- Free entry with National Art Pass.
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Part of the internationally renowned Courtauld Institute of Art, the Courtauld Gallery may not rival the Tate or National Gallery for size, but nevertheless houses one of Britain's finest art collections.
Endowed initially by its founder Samuel Courtauld with a superb collection of Impressionist and Post-Impressionist paintings, the gallery now includes Roger Fry's collection of 20th-century art as well as Lord Lee's Old Masters.
Although the gallery is best known for its 19th- and early 20th-century works, the Courtauld's galleries extend back to the early Renaissance, featuring some 7,000 drawings as well as prints, decorative arts and a fine collection of sculpture.
Based in London's Somerset House, the Courtauld's charm lies in the balance between the quality of its art and the intimacy of the 18th-century setting. With many personal bequests, the gallery also retains much of the spirit of these individual collectors.
At the centre of the collection are Samuel Courtauld's Impressionist and Post-Impressionist pictures, which include such masterpieces as Manet's Bar at the Folies-Bergère, Renoir's La Loge and Van Gogh's Self-Portrait with a Bandaged Ear. Shown alongside them are landscapes by Monet and Pissarro, a group of canvases by Cézanne, exotic fantasies by Douanier Rousseau and Gauguin, and Degas ballet scenes. A group of Collioure canvases by Matisse and Derain take the story of French art forward into the early 20th century.
The Gothic, Medieval and Renaissance collections include glittering altarpieces by Bernardo Daddi and Fra Angelico, as well as the Master of Flemalle's Lamentation Triptych – one of the great early Netherlandish paintings. In the Renaissance rooms you'll find a Botticelli altarpiece, Cranach's Adam and Eve, two Bruegel panels and a number of paintings by the Venetian masters Lorenzo Lotto and Tintoretto.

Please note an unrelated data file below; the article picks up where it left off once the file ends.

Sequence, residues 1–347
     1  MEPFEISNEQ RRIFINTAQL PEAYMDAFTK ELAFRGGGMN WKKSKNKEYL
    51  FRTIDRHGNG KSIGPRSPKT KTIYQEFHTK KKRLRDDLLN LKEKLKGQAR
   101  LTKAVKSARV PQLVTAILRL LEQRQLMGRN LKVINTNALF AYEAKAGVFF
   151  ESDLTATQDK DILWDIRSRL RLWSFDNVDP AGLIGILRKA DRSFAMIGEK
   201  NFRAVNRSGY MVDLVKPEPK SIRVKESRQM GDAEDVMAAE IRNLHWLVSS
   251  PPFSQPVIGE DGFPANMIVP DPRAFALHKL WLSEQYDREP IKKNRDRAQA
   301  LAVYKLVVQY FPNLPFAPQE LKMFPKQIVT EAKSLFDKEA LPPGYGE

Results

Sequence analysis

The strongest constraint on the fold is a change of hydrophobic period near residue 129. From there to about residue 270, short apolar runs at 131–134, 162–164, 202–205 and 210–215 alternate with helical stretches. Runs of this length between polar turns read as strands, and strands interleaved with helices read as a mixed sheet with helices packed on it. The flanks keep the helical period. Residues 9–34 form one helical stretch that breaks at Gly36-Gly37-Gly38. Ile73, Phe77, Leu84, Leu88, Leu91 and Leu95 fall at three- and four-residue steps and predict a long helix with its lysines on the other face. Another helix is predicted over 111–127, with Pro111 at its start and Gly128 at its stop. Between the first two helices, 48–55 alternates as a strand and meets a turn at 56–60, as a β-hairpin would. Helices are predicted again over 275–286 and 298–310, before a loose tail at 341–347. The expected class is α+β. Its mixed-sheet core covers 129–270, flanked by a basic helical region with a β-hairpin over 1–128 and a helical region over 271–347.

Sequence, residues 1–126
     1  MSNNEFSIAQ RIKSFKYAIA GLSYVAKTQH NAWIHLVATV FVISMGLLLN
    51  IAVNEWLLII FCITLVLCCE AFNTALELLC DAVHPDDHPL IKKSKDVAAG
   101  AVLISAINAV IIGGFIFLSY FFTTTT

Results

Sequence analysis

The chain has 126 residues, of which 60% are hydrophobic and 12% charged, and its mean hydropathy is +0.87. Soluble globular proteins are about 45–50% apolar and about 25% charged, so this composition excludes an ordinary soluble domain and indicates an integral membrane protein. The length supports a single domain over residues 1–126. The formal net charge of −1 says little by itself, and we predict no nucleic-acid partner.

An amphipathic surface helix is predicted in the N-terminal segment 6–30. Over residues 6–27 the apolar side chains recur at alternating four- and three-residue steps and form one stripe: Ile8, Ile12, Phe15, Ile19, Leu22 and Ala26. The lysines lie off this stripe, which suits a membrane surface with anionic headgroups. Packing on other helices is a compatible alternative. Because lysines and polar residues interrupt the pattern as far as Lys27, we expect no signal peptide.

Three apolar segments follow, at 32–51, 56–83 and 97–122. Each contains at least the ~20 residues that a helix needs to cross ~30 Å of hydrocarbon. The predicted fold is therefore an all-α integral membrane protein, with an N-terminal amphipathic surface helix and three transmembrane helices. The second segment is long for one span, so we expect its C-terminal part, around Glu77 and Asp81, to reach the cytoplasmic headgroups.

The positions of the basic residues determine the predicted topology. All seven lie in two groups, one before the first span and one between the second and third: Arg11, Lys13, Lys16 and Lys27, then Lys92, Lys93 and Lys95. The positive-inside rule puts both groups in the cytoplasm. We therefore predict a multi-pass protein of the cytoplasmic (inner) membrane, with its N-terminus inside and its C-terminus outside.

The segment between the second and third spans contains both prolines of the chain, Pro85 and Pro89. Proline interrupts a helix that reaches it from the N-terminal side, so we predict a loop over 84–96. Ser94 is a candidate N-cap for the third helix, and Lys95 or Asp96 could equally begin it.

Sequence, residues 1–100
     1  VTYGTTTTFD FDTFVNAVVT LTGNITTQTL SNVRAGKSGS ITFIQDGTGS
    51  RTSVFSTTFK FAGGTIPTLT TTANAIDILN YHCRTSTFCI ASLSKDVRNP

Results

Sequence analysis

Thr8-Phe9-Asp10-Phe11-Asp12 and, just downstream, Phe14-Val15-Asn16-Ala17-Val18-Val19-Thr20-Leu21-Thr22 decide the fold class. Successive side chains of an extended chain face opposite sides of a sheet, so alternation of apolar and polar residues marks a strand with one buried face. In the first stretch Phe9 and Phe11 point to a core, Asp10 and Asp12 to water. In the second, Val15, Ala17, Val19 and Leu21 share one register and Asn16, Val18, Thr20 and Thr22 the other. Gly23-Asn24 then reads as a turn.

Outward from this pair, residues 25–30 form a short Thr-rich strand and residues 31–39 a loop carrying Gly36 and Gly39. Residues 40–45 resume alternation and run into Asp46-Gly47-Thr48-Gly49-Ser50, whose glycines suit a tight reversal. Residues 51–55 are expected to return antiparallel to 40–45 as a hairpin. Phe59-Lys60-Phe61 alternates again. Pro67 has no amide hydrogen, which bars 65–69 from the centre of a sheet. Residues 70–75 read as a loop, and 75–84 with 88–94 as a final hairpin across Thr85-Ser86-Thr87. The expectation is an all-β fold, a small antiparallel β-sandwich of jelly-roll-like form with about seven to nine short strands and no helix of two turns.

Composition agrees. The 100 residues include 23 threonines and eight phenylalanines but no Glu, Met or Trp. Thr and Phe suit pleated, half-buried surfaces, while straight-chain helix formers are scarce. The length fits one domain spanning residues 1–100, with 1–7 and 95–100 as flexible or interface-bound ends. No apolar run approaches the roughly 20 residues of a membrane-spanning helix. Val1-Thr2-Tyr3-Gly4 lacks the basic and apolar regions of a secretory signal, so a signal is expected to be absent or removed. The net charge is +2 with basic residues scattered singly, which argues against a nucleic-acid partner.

Art Funded works
Made in 1772, a splendid clock with a case of ormolu, glass and enamel was a version by Matthew Boulton of the clock-case made for King George III in 1771. It is one of several made after the initial royal commission, which set a small-scale fashion in motion.
A mosaic portrait of Sir Nicholas Goodison (former Chairman of the Coutauld Institute and the Art Fund) by Tom Phillips is an evocative exercise in contrast, setting the classical formality of its technique against the modern, informal portrait it creates.
Set in the 18th-century elegance of Somerset House, looking out across the river to the South Bank, the Courtauld Gallery is more than just its artworks. The period comfort extends to the Café, housed in the basement of the building and spilling out into a sunny courtyard during the summer, which offers excellent coffee and a simple selection of hot and cold food.
While stocking a wide and colourful selection of crafts, jewellery and textiles inspired by the museum's collections, the Courtauld Gallery Shop is perhaps most worth visiting for its books, which extend from illustrated coffee table volumes to works of art theory and philosophy.